The object of my invention is to produce a last on which a boot or shoe can be made which shall at once, without the tedious process of breaking in, conform and coapt itself to the contour of the solid structure ot' the bottom or sole of the natural human foot, so that the use of the boot or shoe shall tend to preserve its natural form rather than to distor-t it.
In a previous patent, dated the 17th of July, 1860, I described certain improvements designed to attain in an imperfect degree the same object; but the portion ofthe invention therein described relating to the sole or'under surface of the last was limited to changing a part of the general transverse conveXity thereof to a general transverse concavity without particular reference to the form or location of the concavity or the resulting convexities or protuberances on either side of the concavity.
The invention which constitutes the subjectmatter of this application has for its object the form and relative position of the concavity and protuberances, and has particular reference to the conformation of the sole of the last, Fig. 3, and its object is to produce upon the upper surface of the sole of the intended boot or shoe, Fig. 6, certain general inclinations of surface which shall have a general coaptation to the sole of the foot, certain elevations of surface for the support of particular portions thereof, and certain depressions or bearingepoints particularly formed and located for the reception and adjustment of its three natural protuberances, H, G, L, Fig. 7,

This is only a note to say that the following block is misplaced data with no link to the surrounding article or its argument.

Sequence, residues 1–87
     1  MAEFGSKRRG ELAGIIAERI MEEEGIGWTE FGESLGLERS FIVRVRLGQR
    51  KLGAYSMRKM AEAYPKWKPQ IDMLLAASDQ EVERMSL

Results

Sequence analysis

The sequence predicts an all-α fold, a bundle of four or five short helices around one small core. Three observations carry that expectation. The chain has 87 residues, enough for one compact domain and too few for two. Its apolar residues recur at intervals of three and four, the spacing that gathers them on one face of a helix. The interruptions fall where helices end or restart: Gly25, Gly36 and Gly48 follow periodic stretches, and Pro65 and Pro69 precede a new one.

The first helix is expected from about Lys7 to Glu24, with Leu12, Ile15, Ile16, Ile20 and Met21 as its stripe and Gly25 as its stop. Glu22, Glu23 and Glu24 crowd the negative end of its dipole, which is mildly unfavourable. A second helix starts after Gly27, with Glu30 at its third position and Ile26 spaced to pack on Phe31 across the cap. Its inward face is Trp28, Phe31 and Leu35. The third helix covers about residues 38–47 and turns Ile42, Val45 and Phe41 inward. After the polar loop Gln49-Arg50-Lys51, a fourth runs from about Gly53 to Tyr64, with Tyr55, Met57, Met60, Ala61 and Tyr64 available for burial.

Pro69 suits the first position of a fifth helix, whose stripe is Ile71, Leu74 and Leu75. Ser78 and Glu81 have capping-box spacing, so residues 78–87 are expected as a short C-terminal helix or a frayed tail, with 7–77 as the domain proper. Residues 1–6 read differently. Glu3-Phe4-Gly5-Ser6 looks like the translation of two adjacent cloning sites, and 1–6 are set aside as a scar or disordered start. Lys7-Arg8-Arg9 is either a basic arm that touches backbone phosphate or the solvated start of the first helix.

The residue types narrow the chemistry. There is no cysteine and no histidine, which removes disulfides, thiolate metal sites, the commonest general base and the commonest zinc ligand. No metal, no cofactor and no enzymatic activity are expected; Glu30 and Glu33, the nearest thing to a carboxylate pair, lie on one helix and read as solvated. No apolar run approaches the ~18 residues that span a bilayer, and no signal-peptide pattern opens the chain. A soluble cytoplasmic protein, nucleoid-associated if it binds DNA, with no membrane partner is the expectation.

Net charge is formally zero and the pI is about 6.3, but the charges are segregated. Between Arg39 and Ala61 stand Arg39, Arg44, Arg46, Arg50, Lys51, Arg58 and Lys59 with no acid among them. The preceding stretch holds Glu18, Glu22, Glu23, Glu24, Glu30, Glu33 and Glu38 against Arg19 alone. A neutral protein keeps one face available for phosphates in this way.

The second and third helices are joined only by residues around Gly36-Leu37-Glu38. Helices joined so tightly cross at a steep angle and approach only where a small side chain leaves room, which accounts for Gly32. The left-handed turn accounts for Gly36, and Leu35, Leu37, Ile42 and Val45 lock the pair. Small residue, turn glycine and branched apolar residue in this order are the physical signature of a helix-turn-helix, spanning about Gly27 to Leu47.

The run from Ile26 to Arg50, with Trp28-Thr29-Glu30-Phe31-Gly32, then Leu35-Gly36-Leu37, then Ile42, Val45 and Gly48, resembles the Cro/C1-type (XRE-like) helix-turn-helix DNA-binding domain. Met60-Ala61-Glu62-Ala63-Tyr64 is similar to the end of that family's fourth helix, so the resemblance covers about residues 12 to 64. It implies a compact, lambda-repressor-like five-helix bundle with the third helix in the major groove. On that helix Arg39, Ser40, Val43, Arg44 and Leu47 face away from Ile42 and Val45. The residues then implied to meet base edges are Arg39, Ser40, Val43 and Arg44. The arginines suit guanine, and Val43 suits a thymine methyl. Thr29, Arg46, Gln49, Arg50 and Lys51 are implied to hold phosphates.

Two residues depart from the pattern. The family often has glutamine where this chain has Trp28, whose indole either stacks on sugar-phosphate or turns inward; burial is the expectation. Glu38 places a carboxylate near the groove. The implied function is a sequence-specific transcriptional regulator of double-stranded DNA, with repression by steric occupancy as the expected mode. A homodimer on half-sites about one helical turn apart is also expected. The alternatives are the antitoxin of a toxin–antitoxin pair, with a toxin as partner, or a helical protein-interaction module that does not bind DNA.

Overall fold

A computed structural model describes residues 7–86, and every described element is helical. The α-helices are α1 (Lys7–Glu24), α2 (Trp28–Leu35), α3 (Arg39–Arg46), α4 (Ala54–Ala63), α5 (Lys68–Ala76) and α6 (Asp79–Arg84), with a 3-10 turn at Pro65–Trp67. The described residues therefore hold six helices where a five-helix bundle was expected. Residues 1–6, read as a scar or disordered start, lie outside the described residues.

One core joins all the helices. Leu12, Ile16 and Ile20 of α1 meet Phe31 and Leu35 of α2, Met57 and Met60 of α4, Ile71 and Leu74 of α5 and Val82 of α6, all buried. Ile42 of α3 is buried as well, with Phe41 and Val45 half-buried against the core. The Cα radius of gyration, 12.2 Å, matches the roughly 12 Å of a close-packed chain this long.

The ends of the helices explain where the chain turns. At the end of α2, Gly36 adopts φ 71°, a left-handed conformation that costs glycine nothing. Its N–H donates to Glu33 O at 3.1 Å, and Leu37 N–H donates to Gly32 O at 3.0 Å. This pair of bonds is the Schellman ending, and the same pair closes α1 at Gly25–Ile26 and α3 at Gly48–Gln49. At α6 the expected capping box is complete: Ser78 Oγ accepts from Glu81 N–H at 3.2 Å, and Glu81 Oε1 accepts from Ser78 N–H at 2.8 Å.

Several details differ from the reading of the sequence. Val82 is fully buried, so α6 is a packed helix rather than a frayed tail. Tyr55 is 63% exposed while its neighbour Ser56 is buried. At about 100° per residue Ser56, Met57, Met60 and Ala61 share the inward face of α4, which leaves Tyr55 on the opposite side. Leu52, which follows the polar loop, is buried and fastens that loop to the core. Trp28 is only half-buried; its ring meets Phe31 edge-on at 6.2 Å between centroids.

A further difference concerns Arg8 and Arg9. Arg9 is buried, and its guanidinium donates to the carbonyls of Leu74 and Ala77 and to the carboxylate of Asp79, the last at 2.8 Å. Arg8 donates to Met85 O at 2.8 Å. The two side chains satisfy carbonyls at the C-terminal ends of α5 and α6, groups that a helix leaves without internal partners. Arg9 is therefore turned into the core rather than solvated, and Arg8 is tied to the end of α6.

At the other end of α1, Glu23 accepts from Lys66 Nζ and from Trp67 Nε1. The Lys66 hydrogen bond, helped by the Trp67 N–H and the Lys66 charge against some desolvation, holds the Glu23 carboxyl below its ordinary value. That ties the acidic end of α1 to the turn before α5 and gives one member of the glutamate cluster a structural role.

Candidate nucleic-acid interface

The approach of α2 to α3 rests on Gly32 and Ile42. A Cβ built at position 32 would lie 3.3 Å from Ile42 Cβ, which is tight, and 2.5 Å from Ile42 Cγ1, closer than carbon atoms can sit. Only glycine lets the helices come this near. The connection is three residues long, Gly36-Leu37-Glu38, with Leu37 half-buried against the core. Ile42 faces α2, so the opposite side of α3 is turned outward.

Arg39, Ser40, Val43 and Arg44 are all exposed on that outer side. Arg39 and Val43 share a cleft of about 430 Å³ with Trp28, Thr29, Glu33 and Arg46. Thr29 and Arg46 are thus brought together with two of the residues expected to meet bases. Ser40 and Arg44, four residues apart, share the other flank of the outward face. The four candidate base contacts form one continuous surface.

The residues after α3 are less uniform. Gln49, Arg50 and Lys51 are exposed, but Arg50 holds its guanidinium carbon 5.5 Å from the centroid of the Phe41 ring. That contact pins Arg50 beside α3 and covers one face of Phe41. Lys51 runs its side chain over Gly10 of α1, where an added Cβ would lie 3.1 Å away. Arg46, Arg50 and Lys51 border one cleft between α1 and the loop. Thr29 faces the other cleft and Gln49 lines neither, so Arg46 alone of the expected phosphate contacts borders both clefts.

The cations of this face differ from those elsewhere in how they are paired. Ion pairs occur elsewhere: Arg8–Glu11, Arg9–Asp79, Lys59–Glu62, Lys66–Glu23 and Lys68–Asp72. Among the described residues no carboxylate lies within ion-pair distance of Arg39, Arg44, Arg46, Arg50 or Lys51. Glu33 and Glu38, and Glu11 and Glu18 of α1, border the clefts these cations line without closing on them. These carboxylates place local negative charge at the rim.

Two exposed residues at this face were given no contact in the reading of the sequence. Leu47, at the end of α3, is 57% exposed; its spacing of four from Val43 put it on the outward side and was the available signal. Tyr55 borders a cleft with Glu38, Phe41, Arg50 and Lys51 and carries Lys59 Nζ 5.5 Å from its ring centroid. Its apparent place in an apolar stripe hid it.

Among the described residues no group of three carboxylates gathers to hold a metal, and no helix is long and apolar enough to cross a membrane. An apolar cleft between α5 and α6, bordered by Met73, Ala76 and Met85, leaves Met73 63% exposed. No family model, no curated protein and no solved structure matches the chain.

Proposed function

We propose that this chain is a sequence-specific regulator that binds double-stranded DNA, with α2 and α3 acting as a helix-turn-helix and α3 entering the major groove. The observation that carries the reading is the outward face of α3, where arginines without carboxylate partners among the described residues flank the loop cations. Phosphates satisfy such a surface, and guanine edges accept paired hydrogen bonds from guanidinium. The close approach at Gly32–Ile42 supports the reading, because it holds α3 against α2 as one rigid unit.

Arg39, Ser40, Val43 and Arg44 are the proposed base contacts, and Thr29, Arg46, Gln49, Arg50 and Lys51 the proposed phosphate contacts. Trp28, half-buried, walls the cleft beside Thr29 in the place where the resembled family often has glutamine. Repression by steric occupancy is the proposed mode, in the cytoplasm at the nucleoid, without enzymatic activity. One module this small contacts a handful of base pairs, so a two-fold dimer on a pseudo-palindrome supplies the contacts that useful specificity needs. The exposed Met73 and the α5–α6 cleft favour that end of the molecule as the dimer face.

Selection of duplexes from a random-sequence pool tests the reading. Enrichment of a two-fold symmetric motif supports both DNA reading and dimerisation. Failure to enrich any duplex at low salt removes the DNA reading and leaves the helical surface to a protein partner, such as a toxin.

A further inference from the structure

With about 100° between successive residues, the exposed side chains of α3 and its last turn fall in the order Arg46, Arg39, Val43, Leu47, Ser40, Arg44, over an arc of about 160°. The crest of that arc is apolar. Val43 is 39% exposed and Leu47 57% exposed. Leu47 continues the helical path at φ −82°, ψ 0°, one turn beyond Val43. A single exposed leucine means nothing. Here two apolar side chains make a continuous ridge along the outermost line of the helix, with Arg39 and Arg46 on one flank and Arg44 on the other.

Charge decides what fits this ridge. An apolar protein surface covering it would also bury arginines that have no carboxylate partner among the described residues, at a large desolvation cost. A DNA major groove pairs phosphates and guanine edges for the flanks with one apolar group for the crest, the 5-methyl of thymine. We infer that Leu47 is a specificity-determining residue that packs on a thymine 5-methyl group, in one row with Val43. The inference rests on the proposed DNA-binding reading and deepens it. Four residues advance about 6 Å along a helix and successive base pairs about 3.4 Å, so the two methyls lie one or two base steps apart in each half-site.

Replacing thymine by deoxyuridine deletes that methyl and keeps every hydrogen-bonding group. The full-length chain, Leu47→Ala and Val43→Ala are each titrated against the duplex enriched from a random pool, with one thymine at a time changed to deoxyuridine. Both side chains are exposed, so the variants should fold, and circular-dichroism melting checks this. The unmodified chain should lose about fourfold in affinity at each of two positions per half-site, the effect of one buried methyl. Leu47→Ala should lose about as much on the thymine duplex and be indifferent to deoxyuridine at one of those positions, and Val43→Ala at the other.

' by means of which it is restrained from gliding forward or to either side'and rests-with y case and security.
It is to be borne in mind that the condition of the foot within a shoe, the sole of which, as we are accustomed to wear them, is always narrower than the outspread foot, is very different from that in which it is natural and unconstrained by compression. The pressure of the upper leather against the outer and inner margins of the foot, immediately on its being thrust within the shoe, prevents lateral expansion, so that the span ofthe transverse arch l l, Fig. 13, is shortened, and the width of the foot, through compression of its interosseus tissues, practically diminished. At the same time, as a natural result, the protuberances G L, Fig. 12, are rendered more prominent, and the depression between them is thereby increased in depth.
For ease and evenness of tread and the comparative unrestrained movements of the different members of the foot in this artificial condition, it is important that the general transverse inclination of the upper or treading surface of the boot or shoe sole, at that portion corresponding with and immediately behind the ball portion ofthe foot G L, Fig. 7, should, when compared with the plane of the heel portion thereof, be diagonally downward and inward from L to G, Fig. 6, and a" to m, Fig.
11, so as to accommodate itself to the same.